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Why Do Salespeople Only Follow Up On 20% Of Trade Show Leads?

It seems kind of crazy from a marketing person's perspective that 80% of the leads collected on the trade show floor are not contacted by the sales team after the show. For years, this statistic was reported by the exhibit industry.


My personal experiences in researching the contact management systems of most companies I’ve worked with proved that about half of the leads are contacted. Still, the number is frustrating to a marketer as well as the executive staff, so I started getting serious about finding out, “Why?” I found out two major points.


1. The definition of followup from a salesperson’s perspective and a marketing person’s perspective is different.

2. The statistic in the industry wasn’t backed up by hard facts.


I’ll address the definition point first. In talking with salespeople, most of them called all of their leads but considered the act of leaving a voicemail or email completed the followup. As a professional salesperson, they feel that multiple calls and emails would be considered ‘bugging’ their potential customer. If there was a quote involved, they were more aggressive with the followup, but most leads from a show are contact names that request literature and do not specify a project. In that case, they feel a call/email is appropriate to give the requested information and provide their own contact numbers. Many marketing people define a followup as a belly-to-belly or live telephone conversation with a ‘next step’ reported. You may think there is a disconnect with the sales and marketing organizations, but it is more in the preparations of properly defining and communicating the expectations and providing an easy and useful way of reporting the results.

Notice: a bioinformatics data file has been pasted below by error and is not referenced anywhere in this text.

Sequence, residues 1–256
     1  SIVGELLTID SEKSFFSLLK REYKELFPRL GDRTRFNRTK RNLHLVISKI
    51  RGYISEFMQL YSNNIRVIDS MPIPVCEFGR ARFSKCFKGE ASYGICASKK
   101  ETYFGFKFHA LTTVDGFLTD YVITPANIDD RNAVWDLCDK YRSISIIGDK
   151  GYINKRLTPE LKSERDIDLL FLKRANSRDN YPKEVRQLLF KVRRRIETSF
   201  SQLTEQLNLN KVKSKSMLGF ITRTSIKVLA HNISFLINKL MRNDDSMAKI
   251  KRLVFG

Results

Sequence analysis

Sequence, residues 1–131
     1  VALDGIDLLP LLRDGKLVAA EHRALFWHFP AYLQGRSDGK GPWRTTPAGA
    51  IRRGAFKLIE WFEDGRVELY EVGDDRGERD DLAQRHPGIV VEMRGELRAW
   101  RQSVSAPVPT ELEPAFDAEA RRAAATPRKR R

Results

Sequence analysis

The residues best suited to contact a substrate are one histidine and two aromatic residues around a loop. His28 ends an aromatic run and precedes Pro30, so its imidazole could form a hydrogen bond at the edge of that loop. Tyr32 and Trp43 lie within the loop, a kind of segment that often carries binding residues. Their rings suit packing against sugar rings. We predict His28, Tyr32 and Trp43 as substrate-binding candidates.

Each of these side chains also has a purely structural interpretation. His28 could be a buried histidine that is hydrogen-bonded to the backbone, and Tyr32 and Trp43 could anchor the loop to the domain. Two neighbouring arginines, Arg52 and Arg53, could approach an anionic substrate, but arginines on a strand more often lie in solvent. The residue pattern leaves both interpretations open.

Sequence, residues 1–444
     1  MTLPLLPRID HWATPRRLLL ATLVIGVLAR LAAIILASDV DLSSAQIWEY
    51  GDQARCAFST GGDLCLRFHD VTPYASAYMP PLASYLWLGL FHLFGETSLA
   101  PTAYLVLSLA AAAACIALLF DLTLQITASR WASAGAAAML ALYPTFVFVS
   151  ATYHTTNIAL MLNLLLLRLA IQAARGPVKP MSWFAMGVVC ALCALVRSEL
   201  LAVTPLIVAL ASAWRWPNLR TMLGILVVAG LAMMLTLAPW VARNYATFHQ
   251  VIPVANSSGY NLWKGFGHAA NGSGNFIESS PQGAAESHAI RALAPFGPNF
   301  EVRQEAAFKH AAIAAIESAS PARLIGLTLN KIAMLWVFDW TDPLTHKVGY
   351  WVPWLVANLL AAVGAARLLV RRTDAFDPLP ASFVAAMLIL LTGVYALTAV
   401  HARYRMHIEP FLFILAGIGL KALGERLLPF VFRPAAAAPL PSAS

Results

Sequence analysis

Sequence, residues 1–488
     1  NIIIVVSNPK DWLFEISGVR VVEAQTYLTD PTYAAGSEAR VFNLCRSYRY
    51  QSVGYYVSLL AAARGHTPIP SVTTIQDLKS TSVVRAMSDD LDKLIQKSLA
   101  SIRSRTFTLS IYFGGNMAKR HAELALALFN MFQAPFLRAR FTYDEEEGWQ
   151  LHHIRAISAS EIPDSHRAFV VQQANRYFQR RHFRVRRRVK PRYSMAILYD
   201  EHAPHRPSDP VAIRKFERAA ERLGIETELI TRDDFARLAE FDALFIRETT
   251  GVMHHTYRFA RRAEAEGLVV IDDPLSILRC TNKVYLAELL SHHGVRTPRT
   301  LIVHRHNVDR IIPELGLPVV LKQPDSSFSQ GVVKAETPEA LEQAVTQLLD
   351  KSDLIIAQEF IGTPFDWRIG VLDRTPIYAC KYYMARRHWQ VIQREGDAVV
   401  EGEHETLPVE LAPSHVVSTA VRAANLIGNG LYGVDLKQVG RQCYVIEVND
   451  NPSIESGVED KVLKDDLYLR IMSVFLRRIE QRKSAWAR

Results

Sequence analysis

Now let’s address the myth of 80% of trade show leads are not followed up. In 2010, Exhibitor magazine was so frustrated with not having the proof of this statistic that they conducted a survey themselves. They found that less than 47% of companies that exhibit actually track their trade show leads, and only 28% have some way of evaluating ROI from the leads collected. Only 5% had a computerized system of capturing and then providing follow-through on the life of the lead.


Sales and marketing need to be aligned in their objectives and expectations before the show. The two people responsible for these roles need to collaborate and then set and communicate the goals. This includes not only establishing the target number of leads but also the expectations for taking action such as the timeframe, type of information to report, and appropriate way to communicate results.

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